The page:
Tic-tac-toe (game)


May 23, 2022

Tic-tac-toe (also known as row three, tria, cross and dot, zero per, fillet, circles and crosses, OXO, XOXO) is a hugely popular full information abstract pencil and paper game. It is played on a 3 × 3 square grid. In turn, the players choose an empty cell and draw their symbol on it (usually a player has an "X" as a symbol and the opponent a circle). The player who manages to arrange three of his symbols in a straight horizontal, vertical or diagonal line wins. If the grid is filled without either player completing a straight line of three symbols, the game ends in a draw. In the event that the game ends in a draw, the game is called a "draw", as in the game of chess. There are old finds in ancient Rome, where the soldiers played with each other; the game took the name of terni lapilli. Game is often used as a pedagogical element to explain game theory and the basics of artificial intelligence. It is in fact a game with perfect information with zero sum, of which the "perfect strategy" is known, that is the Nash equilibrium. Since the number of possible situations (the complexity of state space) is extremely small compared to other games, writing a computer program that plays tic-tac-toe perfectly, without ever losing, is a task within the reach of any programming student. The trio was in fact the first game in history to be played on a computer; the program was OXO, developed for the EDSAC computer (1952).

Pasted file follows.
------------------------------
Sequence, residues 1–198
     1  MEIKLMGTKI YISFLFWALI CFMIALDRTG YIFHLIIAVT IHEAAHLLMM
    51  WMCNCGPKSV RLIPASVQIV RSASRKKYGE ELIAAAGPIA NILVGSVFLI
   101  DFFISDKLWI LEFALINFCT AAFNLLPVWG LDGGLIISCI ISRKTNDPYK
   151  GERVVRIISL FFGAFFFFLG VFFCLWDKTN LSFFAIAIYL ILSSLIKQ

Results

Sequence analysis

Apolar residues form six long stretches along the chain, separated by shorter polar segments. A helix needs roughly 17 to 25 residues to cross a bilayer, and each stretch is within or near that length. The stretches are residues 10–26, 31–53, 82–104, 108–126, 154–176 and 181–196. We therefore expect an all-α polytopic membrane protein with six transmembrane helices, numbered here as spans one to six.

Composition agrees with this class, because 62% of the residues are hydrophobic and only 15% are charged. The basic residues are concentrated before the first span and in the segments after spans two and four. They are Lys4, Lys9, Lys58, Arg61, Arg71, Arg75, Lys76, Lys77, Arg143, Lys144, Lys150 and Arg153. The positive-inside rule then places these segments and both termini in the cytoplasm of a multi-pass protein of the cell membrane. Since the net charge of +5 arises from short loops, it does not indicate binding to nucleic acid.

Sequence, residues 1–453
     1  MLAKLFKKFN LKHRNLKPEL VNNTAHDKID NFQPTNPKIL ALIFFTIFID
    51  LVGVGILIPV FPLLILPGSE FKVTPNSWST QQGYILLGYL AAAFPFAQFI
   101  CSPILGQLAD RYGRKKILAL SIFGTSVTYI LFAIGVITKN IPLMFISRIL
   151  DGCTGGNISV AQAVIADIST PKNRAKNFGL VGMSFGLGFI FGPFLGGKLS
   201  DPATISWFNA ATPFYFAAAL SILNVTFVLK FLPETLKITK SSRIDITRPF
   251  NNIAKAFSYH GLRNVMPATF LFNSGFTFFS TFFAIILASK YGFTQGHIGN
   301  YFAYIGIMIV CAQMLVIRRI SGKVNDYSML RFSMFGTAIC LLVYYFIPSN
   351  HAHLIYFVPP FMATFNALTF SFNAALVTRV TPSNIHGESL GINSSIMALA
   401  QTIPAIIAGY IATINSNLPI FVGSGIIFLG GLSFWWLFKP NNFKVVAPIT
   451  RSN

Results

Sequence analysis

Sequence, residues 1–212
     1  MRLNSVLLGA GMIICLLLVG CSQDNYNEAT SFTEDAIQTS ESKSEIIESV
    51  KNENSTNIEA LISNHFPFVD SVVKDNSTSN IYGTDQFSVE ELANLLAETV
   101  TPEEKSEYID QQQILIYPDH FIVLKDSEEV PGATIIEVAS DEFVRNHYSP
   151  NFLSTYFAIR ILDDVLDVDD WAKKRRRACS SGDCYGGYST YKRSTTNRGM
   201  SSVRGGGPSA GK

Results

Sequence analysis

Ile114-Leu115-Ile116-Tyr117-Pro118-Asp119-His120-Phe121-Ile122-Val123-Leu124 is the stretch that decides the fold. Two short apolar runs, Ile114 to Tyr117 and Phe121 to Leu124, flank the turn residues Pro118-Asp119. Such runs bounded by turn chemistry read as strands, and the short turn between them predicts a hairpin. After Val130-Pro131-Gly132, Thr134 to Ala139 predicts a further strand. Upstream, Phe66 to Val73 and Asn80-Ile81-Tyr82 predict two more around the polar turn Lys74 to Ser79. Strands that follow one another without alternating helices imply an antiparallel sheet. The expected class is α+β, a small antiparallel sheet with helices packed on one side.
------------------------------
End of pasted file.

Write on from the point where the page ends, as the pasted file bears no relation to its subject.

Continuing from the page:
(EN) Martin Gardner, Ticktacktoe, in Hexaflexagons and Other Mathematical Diversions: The Scientific American Book of Puzzles and Games, 1988, pp. 37-46, ISBN 0-226-28254-6. Elwyn R. Berlekamp, ​​John Conway; Richard K. Guy, Analysis of Tic-Tac-Toe, in Winning Ways for Your Mathematical Plays, Vol. 3, 2003, pp. 733-736, ISBN 978-1-56881-143-7. (EN) Martin Gardner, Jam, Hot, and Other Games, in Mathematical Carnival, 1992, pp. 208-225. (EN) Martin Gardner, Ticktacktoe Games, in Wheels, Life, and Other Mathematical Amusements, 1983, pp. 94-105, ISBN 0-7167-1589-9. (EN) Martin Gardner, Generalized Ticktacktoe, in Fractal Music, Hypercards and More ...: Mathematical Recreations from Scientific American, 1992, pp. 202-213, ISBN 0-7167-2189-9.

Related items

Demonstration for strategy theft OXO (video game)

Other projects

Wikimedia Commons contains images or other files about Tris

External links

Eric W. Weisstein, Tris, in MathWorld, Wolfram Research. (EN) Ostermiller.org Strategic Manual, on ostermiller.org. Retrieved November 22, 2011 (archived from the original url on November 26, 2011).